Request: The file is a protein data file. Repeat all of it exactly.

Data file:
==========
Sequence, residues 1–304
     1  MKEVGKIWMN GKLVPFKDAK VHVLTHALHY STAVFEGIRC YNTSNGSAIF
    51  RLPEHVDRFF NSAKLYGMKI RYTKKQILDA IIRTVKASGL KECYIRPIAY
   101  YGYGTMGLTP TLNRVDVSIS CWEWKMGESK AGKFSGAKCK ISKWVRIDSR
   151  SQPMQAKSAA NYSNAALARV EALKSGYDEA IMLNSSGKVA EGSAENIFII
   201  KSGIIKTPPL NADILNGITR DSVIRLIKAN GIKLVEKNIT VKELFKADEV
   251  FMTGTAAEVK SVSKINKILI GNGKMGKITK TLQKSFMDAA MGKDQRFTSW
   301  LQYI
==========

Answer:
Sequence, residues 1–304
     1  MKEVGKIWMN GKLVPFKDAK VHVLTHALHY STAVFEGIRC YNTSNGSAIF
    51  RLPEHVDRFF NSAKLYGMKI RYTKKQILDA IIRTVKASGL KECYIRPIAY
   101  YGYGTMGLTP TLNRVDVSIS CWEWKMGESK AGKFSGAKCK ISKWVRIDSR
   151  SQPMQAKSAA NYSNAALARV EALKSGYDEA IMLNSSGKVA EGSAENIFII
   201  KSGIIKTPPL NADILNGITR DSVIRLIKAN GIKLVEKNIT VKELFKADEV
   251  FMTGTAAEVK SVSKINKILI GNGKMGKITK TLQKSFMDAA MGKDQRFTSW
   301  LQYI